Undergoing plastic surgery is a unique decision. What makes one feel beautiful might vary from person to person.

Although body satisfaction is truly individual, everyone deserves a plastic surgeon who understands your intentions and also puts your safety first.

Board-certified plastic surgeon and host of the podcast “The Holistic Plastic Surgery Show,” Dr. Anthony Youn, MD, considers his work as enhancements and not answers to deeper issues. “[If they think a facelift will make them happy], then I stop them there because really you can enhance your life with these types of changes, but you can’t take a life that is unhappy and make it happy by getting a cosmetic procedure.”

That’s why he always suggests getting a second opinion from another plastic surgeon before getting cosmetic surgery done.

“You’re dealing with invasive procedures and just because [a doctor will perform a surgery] doesn’t mean it’s safe,” he points out. And Youn does have a point.

Evidence of is often a result of an individual doctor who’s either negligent, doesn’t inform their patients properly, or fails to diagnose an injury.

So how do you know a doctor is right for you?

Fact is, search hard enough and anyone can find a doctor who’s willing to do the most skeptical or difficult of surgeries. What you should look for is a doctor who’s willing to say no.

Youn believes in having his own do-not-do list, which he calls his Beauty Blacklist. Here are 13 procedures he cautions against:

While tummy tucks are one of the most common operations performed, Youn says many doctors will claim that they have a new or “better” version, or create a ‘branded’ tummy tuck. (Tummy tucks do continue to evolve in ways to reduce complications and hide scars, but this isn’t a “new” procedure.)

Some doctors may make up variations of a tummy tuck, particularly those that include liposuction, which Youn says many surgeons abandoned years ago. “If you look up these branded tummy tucks in a scientific journal, there’s nothing on them,” he adds.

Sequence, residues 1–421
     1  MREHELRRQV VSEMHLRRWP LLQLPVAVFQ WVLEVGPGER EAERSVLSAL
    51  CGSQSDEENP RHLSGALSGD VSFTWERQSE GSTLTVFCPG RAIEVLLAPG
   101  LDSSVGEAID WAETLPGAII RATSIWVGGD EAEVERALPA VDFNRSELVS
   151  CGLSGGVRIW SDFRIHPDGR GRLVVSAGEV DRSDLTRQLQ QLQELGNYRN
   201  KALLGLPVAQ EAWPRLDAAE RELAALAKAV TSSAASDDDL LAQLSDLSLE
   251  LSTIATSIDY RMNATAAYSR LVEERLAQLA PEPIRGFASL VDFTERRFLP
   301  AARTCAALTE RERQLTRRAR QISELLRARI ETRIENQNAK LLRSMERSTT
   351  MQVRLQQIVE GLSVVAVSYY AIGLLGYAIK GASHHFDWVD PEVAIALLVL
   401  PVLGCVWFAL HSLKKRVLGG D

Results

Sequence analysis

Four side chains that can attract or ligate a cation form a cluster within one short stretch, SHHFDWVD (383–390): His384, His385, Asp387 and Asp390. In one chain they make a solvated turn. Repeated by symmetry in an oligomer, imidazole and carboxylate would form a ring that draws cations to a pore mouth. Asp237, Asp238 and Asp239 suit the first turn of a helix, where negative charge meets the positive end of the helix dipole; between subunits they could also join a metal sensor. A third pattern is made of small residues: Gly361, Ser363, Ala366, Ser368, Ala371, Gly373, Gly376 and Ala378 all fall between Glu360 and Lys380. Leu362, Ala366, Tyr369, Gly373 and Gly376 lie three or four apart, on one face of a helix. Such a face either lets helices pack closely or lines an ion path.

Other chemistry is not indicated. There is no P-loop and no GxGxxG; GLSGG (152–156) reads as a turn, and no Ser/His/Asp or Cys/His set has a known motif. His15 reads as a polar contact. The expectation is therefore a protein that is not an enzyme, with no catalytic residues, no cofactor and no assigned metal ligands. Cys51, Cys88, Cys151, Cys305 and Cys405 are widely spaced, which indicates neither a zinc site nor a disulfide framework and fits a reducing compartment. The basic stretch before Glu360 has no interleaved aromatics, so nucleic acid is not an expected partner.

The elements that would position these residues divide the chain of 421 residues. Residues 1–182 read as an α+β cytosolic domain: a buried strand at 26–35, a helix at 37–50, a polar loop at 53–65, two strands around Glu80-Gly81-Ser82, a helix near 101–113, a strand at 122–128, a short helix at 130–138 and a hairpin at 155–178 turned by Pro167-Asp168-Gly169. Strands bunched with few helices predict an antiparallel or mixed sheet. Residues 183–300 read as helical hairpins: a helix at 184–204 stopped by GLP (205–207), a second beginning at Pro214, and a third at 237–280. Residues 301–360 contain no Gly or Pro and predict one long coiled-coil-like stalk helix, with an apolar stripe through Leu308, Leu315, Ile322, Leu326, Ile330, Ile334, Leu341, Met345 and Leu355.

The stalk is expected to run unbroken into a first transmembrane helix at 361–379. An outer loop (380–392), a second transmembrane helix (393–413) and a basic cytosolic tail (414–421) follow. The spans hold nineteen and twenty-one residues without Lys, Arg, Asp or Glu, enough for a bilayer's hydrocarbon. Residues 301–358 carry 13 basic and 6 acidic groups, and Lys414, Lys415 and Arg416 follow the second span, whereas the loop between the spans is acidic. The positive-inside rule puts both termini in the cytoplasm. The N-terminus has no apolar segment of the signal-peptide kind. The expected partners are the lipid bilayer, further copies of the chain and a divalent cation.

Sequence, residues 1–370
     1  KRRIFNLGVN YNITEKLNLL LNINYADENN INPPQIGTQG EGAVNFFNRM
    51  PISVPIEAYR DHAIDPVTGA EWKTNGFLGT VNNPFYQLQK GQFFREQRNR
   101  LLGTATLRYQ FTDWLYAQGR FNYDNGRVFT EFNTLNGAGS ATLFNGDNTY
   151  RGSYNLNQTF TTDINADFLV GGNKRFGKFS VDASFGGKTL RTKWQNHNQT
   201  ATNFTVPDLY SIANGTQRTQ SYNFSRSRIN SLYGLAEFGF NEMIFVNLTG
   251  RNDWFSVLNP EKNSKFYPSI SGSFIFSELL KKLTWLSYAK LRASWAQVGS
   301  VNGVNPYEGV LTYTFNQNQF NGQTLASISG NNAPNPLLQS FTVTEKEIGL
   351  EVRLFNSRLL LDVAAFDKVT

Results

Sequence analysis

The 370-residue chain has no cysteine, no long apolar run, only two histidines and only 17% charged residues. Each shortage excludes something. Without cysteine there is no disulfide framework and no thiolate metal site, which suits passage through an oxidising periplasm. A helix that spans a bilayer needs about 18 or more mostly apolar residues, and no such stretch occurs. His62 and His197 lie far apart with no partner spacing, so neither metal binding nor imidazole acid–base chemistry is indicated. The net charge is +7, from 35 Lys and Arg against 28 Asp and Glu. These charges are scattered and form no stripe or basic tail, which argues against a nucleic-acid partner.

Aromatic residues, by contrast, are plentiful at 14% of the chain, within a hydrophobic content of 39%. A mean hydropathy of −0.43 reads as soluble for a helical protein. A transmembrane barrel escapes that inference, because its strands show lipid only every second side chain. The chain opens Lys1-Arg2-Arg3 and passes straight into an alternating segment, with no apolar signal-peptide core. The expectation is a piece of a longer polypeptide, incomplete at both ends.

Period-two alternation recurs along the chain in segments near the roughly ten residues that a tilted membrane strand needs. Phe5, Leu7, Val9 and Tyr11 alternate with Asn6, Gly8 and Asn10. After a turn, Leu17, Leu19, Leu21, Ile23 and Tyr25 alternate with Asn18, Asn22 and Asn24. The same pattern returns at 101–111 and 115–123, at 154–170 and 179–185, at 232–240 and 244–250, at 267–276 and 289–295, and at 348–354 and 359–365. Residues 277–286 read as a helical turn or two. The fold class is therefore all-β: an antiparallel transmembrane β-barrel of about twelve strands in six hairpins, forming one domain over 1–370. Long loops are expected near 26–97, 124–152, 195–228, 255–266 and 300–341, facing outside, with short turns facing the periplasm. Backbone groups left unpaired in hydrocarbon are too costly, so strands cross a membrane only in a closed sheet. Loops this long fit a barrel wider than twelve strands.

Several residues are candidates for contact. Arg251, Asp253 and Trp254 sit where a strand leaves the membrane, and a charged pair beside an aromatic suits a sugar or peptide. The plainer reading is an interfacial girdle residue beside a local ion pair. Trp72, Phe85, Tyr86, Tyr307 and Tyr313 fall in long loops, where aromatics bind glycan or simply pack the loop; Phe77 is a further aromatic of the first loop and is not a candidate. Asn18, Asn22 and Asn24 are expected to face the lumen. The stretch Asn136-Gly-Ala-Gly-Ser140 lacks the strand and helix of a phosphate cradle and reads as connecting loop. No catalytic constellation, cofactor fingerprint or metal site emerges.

“There are standard ways of doing many of these procedures. [And] there are doctors who try to separate themselves by making variations of operations that aren’t necessarily better,” says Youn. “But if the patient doesn’t have anything unusual, I’m not going to tell you that I’m going to do this very different than the doctor down the street from me.”

During this procedure, fat from the inside of the mouth is removed to reduce the fullness of the cheeks. While Youn has been performing this procedure for about 15 years, he says he’s seen it recently become trendy on social media with influencers and other surgeons.

As a result, many doctors perform it on people whose faces are already thin.

Dr. David Shafer, board-certified plastic surgeon in New York City, agrees. When cheek fat removal is performed by an experienced surgeon on the right candidate, the procedure is not dangerous, and can have effective results.

However, “if someone is already thin in that area, it will give them a hollow look,” Shafer tells Healthline.

Removing fat in the cheeks is often a premature decision, given that as we age, we may lose the fat naturally and wish our cheeks were full again.

Thread lifts were a popular procedure between 2005 and 2010, and are now making a comeback.

The point of thread lifts is to insert temporary sutures to subtly “lift up” skin. Youn says the skin may look better right after the procedure but the effects only last about a year.

“We realized that they didn’t work [because patients] would have these permanent sutures sticking out of their skin years later,” Youn says. “Unfortunately, they’re back. At least the sutures today aren’t permanent so you don’t have to pull them out of people’s faces, but there is still the question of whether the procedure will last.”

Shafer agrees, noting that people often think thread lifts can create similar results as a surgical facelift.

“There is a lot of confusion because there is the word lift in it,” Shafer says. “But you’re putting a barbed thread underneath the skin, which will pull and give you a little bit of a lift, but it’s very temporary. When you do a facelift, you are lifting up all the skin and moving it as a unit.”